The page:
One of the great advantages of being a civilian attorney practicing in a military court-martial is that we are typically afforded greater license in challenging nonresponsive witnesses in a court-martial. Of course, it's always prudent to treat all people - including witnesses with respect. There are times, however, when a witness has to be challenged aggressively.
As background on myself (Dan Conway), if I had not enlisted in the Marine Corps I probably would have attended professional umpire school looking for a job in professional baseball. Umpiring is a perfect profession for a defense attorney. Professional umpires have to be skilled in the art of game management. We have to know the rules better than anyone. We're expected to make judgments mid-game that can affect the outcome. And coaches are quick to blame us when things go wrong.
There are lessons to be learned from professional sports officials for handling difficult witnesses.
1) A trial is a search for truth - but there is an awful lot of theater involved in telling the story. We need to present a confident image;
2) Our confidence and ability to control difficult witnesses has to be evident at all stages in the trial process;
3) We have to always be courteous - even when aggressive;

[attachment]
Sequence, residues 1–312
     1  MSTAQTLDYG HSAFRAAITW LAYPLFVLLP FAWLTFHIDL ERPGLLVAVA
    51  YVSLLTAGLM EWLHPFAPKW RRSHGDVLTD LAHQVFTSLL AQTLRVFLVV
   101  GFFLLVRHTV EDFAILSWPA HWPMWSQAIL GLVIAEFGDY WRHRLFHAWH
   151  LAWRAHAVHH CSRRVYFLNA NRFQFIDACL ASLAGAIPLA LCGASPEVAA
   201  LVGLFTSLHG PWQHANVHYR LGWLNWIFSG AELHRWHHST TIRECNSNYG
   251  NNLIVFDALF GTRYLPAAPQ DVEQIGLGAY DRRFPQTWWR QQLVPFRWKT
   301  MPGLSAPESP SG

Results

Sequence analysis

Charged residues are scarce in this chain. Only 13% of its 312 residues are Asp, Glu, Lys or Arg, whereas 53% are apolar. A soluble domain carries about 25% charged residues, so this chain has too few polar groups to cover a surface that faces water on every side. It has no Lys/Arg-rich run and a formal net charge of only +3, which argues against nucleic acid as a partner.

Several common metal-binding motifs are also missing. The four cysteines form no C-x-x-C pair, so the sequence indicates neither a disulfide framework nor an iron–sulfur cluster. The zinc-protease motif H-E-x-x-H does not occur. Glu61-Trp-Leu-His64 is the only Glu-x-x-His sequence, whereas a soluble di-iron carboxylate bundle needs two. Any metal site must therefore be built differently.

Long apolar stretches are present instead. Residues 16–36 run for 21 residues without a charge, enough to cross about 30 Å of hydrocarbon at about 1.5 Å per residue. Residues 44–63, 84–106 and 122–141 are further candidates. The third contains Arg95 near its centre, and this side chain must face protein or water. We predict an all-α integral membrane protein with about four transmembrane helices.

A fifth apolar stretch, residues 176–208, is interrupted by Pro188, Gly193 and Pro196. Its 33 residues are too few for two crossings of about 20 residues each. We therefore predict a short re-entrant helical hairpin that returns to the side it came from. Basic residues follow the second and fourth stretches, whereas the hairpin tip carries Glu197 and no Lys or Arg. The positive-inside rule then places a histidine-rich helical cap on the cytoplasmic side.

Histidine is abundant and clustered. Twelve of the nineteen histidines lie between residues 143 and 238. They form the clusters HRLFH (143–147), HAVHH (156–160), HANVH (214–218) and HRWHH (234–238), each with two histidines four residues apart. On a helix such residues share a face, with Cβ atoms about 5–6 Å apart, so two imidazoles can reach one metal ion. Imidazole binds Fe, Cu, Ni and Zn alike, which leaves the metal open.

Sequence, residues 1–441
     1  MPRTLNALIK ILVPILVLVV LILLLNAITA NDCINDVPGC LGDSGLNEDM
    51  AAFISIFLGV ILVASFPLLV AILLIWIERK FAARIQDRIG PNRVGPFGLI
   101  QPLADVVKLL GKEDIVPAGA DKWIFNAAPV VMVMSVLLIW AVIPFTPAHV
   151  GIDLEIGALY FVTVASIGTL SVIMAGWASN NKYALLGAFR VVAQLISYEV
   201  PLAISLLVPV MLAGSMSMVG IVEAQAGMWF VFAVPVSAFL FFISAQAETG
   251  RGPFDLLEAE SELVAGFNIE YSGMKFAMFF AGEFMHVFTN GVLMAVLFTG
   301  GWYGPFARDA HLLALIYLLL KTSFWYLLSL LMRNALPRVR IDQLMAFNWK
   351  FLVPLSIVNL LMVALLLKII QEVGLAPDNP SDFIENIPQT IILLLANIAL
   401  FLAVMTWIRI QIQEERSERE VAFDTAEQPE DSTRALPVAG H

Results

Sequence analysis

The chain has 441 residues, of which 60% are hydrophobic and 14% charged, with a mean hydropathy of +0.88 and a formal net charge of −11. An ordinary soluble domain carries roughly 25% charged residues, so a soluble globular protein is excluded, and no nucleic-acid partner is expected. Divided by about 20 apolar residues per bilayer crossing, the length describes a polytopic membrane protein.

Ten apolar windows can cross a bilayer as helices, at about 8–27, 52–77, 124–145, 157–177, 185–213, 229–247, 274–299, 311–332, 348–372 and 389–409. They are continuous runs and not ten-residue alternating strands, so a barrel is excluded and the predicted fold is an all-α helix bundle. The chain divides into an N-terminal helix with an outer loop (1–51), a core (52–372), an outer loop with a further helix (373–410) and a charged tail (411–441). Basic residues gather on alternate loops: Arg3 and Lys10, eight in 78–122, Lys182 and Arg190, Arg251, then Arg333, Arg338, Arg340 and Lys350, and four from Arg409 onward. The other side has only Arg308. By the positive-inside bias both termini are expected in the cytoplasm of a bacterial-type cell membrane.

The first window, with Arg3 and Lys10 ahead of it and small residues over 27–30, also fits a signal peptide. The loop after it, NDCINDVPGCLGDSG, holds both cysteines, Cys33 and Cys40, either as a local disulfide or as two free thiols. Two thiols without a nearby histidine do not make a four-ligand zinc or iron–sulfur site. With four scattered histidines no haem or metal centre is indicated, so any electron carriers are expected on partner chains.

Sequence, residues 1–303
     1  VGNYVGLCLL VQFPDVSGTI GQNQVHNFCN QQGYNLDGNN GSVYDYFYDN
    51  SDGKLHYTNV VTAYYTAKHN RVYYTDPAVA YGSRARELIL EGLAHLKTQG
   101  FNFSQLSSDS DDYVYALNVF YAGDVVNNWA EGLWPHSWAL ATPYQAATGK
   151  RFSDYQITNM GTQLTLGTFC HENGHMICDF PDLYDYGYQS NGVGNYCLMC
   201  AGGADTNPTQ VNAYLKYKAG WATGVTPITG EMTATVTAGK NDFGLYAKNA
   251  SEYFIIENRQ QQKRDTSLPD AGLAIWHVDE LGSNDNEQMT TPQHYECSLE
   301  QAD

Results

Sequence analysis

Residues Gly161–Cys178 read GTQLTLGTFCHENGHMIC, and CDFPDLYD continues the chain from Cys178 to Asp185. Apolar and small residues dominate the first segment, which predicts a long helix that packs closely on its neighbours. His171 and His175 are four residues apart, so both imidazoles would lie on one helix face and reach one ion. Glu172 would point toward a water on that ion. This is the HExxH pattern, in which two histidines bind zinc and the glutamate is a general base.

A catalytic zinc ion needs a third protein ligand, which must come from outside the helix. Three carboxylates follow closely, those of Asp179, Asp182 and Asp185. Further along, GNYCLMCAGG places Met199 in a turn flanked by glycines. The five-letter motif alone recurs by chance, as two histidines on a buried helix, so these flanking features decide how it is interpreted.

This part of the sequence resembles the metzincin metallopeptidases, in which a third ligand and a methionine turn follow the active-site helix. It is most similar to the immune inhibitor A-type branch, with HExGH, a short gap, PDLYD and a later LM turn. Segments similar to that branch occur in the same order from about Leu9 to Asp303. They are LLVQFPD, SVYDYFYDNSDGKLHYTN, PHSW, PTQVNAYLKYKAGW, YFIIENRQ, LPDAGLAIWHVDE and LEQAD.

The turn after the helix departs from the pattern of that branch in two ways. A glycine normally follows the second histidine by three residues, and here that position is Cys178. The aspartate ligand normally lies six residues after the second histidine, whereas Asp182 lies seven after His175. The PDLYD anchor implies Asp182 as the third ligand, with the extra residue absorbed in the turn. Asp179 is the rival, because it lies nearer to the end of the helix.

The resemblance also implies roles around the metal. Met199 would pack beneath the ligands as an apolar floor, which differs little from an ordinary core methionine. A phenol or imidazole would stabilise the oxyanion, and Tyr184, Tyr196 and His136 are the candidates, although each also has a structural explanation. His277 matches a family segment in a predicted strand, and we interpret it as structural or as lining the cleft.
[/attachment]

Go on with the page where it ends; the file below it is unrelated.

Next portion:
4) Our sole job is to defend the client. It is easy in a military environment to become too chummy with the parties;
5) Keep your eye on the ball. In other words, maintain a laser-like focus on the facts that you need to establish to win;
6) Take your cues from how aggressive to be from the jury. The jury will give you nonverbal cues on whether they are receptive to more aggressive cross-examination;
7) Win with logic.
Experience goes a long ways in presenting a polished defense in front of a jury. There are so many tactics to use in controlling a runaway witness. Polite interruption or objections should be a last resort. It's a last resort because defense counsel must be in control. Unflappable. Whatever the witness says, we should be prepared to deal with it - good or bad. Some of the tactics for controlling the witness include:
-Repeating the question;
-Repeating the question slower;
-Maintaining eye contact with the witness;
-For experts or senior officers and NCOs, calling them by their title or rank;
-For children, promoting them to sir or ma'am;
-Shorten the question;
-Use the court-reporter to read back the question;
-Use a blackboard to write the question;
-State to the witness "that did not answer my question, did it?"
-Summarize their answer;
-Ask them, "if the truthful answer is yes, will you say yes?";
-Ask them whether they would like to tell their side of the story (if you are prepared to deal with their side of the story);
-Process of elimination.
What happens when a witness claims not to remember or says I don't know?
I don't know can only mean a couple of things that are worth exploring with the witness:
1) I never knew;
2) I forgot; or,
3) I only remember when it helps me.
Any one of those inquiries is useful.